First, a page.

Cytochromes P450 metabolize arachidonic acid (AA) to epoxyeicosatrienoic acids (EETs) which have potent effects on cardiovascular and renal function. EETs are metabolized to corresponding diols (DHETs) by soluble epoxide hydrolase (sEH). Current research involves: (1) characterization of CYP2J and CYP2C subfamily P450s at the biochemical and molecular levels;(2) evaluation of the functional roles of CYP2J products in cardiovascular and renal physiology;and (3) examination of this pathway in selected animal models of human disease (ischemic heart disease, hypertension, atherosclerosis, cancer). We have discovered a number of mammalian CYP2Js, although we have focused most of our efforts on human CYP2J2 and mouse CYP2J5. Human CYP2J2 is the major human P450 expressed in heart and vasculature, where it is localized to cardiac myocytes and endothelial cells, and is active in the metabolism of AA to EETs. CYP2J2-derived EETs are vasodilators, inhibit cytokine-induced endothelial cell adhesion molecule expression, induce tissue plasminogen activator gene expression, inhibit vascular smooth muscle cell migration, protect endothelial cells against hypoxia-reoxygenation injury and apoptosis, upregulate endothelial nitric oxide biosynthesis, affect cardiac electrophysiology, and protect the heart from ischemic injury. CYP2J2 transgenic mice (alpha-myosin heavy chain promoter driven cardiac-specific expression) were developed to study the effects of increased EETs on cardiac function in vivo. These mice have normal basal heart anatomy and function, improved post-ischemic left ventricular function, shortened cardiac action potential, altered cardiac electrophysiology, and enhanced beta-adrenergic receptor responsiveness. Similarly, sEH null mice which exhibit reduced EET hydrolysis have improved postischemic functional recovery. We have also developed transgenic mice in which CYP2J2, CYP2C8 or sEH are expressed exclusively in endothelial cells (Tie2 promoter driven) to examine the role of these enzymes and their products on vascular function. The phenotype of these mice is currently being evaluated. The human CYP2J2 gene has been cloned, sequenced and characterized. We have identified several functionally relevant CYP2J2 polymorphic variants, one of which is associated with reduced CYP2J2 expression and is associated with risk of cardiovascular disease in several cohorts. We have also identified functionally relevant polymorphisms in the sEH gene and have shown that they are associated with cardiovascular disease risk in a large multiethnic cohort in the U.S. CYP2J5 is a major murine P450 arachidonic acid epoxygenase expressed in the kidney and localized to proximal tubules. To evaluate the role of this P450 and its eicosanoid products in renal function and blood pressure regulation, we disrupted the Cyp2j5 gene by homologous recombination. CYP2J5 null mice have spontaneous hypertension that persists on both high and low salt diets. The hypertension is much more severe in females, is associated with reduced circulating estradiol levels, and is responsive to estrogen supplementation. CYP2J5 null female mice also have increased proximal tubular transport rates, enhanced vascular responsiveness to angiotensin II and endothelin, and reduced fertility compared to wild type counterparts. This new animal model will lead to a better understanding of the complex interrelationship between renal P450s, sex hormones, renal eicosanoids and blood pressure regulation. Consistent with these findings, we have shown that there is an association between CYP2J2 polymorphic variants and hypertension in a cohort from Tennessee.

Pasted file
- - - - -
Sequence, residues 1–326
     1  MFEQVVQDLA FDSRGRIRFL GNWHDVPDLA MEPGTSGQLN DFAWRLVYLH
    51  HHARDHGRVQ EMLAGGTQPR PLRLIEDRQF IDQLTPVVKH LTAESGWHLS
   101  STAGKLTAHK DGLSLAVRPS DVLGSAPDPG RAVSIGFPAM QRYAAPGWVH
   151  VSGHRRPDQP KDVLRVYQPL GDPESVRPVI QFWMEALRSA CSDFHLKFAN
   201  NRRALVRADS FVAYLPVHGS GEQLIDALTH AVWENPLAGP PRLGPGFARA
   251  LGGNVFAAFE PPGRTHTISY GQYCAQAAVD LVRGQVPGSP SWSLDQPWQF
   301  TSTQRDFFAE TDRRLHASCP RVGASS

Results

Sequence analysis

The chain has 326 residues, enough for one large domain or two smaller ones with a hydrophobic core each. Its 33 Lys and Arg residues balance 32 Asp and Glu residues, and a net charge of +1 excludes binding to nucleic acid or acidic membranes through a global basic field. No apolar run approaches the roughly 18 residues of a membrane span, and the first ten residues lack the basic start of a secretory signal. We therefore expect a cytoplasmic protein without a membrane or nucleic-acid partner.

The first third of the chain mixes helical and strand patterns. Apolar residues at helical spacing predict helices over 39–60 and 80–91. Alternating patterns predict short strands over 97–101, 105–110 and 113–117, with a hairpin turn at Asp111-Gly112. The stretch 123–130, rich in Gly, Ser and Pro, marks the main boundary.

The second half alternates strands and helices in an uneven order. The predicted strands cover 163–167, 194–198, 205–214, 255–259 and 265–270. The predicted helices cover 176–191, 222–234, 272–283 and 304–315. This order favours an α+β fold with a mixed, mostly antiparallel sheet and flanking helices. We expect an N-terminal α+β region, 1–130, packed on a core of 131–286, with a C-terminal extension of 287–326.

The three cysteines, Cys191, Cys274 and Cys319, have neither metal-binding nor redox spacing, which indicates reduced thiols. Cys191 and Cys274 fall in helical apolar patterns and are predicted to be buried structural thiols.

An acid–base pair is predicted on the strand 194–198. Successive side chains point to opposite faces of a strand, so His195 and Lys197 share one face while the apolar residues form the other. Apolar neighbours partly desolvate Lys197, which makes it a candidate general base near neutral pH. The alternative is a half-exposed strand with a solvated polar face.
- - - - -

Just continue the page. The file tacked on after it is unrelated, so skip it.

Project Start
Project End
Budget Start
Budget End
Support Year
19
Fiscal Year
2013
Total Cost
$777,289
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Abraham, Nader G; Sodhi, Komal; Silvis, Anne M et al. (2014) CYP2J2 targeting to endothelial cells attenuates adiposity and vascular dysfunction in mice fed a high-fat diet by reprogramming adipocyte phenotype. Hypertension 64:1352-61
Ma, Fei; Lin, Fan; Chen, Chen et al. (2013) Indapamide lowers blood pressure by increasing production of epoxyeicosatrienoic acids in the kidney. Mol Pharmacol 84:286-95
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Chai, Qiang; Wang, Xiao-Li; Zeldin, Darryl C et al. (2013) Role of caveolae in shear stress-mediated endothelium-dependent dilation in coronary arteries. Cardiovasc Res 100:151-9
Strauss, Kenneth I; Gruzdev, Artiom; Zeldin, Darryl C (2013) Altered behavioral phenotypes in soluble epoxide hydrolase knockout mice: effects of traumatic brain injury. Prostaglandins Other Lipid Mediat 104-105:18-24
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Iliff, Jeffrey J; Wang, Ruikang; Zeldin, Darryl C et al. (2009) Epoxyeicosanoids as mediators of neurogenic vasodilation in cerebral vessels. Am J Physiol Heart Circ Physiol 296:H1352-63

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